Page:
• Funny. I was talking to someone the other day about this topic at work, describing how competition drives innovation and reduces costs, and how Net Neutrality is packaged as equal access to the Internet under the guise of protecting our freedom of speech. I’m worried about companies like Google stalling their fiber expansion now, since there’s little incentive.

  • As the front line champions of the market, we need to find a way around this. Anyone have any ideas?
    Here are a couple of thoughts….

    Satellite connection to the internet may work; I don’t see a way for the FCC to control satellite ISP connections, especially if the satellite is from another country.

    Another way would be if computers could start talking to each other directly, via WiFi connections of their own. Essentially a massive decentralized web of computers talking to each other would probably make the ISP monopolies completely obsolete. That would change the way our current internet functions, but at least we could have privacy and innovation could continue.

    Massive WiFi towers, probably would not work because they would have to be located within the FCC’s jurisdiction, unless somehow cell phone companies (and their towers) are not regulated under the net neutrality law (doubtful).

    I have heard about “The dark web” but I have no idea how it functions, any ideas?

    Anybody have any other ideas that could fix this situation?

  • Most of the people discussing this issue don’t seem to understand it. The conflict is between owners of the information channels (ISPs) and content providers. Owners of the information channels want to charge different content providers different rates based up on their content, not the number of bits transmitted across a channel but the arrangement of the bits, so AT&T can charge Youtube more (or less) per bit, than it charges some other streaming video provider, to move a bit from one end of its communications channel to the other. The ISPs are the ones who want to change internet protocols for this purpose, not the content providers.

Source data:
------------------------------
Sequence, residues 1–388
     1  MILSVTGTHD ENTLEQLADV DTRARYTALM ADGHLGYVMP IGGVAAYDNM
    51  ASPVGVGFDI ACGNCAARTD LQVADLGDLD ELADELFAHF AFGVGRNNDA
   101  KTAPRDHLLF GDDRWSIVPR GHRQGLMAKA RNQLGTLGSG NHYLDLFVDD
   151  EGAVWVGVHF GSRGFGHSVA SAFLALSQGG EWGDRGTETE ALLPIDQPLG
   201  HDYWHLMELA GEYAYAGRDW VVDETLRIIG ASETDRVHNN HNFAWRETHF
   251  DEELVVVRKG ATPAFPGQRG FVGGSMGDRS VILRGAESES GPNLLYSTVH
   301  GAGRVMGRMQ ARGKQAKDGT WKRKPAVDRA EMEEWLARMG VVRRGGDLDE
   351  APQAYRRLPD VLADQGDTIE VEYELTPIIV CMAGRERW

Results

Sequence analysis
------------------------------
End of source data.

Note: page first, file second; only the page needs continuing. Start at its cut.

For example, AT&T might charge Youtube more to give Youtube a “fast lane”, but “fast lane” isn’t the best analogy here. Data moving across the Internet does not have a pre-determined route from a Youtube server to my computer in my house, so a particular packet of Youtube data, traveling from a Youtube server to my computer, might not cross a channel owned by AT&T while another packet does. What AT&T can offer Youtube is a priority, so when packets are waiting in line to cross a particular AT&T channel, a Youttube packets always moves to the front of the line.

    A network permitting AT&T to route data with a data-dependent priority is completely antithetical to “the dark web” (like TOR). TOR uses an “onion routing” protocol to protect the privacy of communicating parties. With this protocol, a router does not know (and cannot possibly know) either the ultimate source or the ultimate destination or the content of a particular packet of data.

    If the entire web were dark in this sense, AT&T couldn’t possibly give priority to one packet of data over another, because it couldn’t know who to bill. A dark web is inherently neutral in the “net neutrality” sense. People who want to eliminate this neutrality (which already exists and has always existed in the Internet protocols) want to make the network “lighter” in this sense, not “darker”.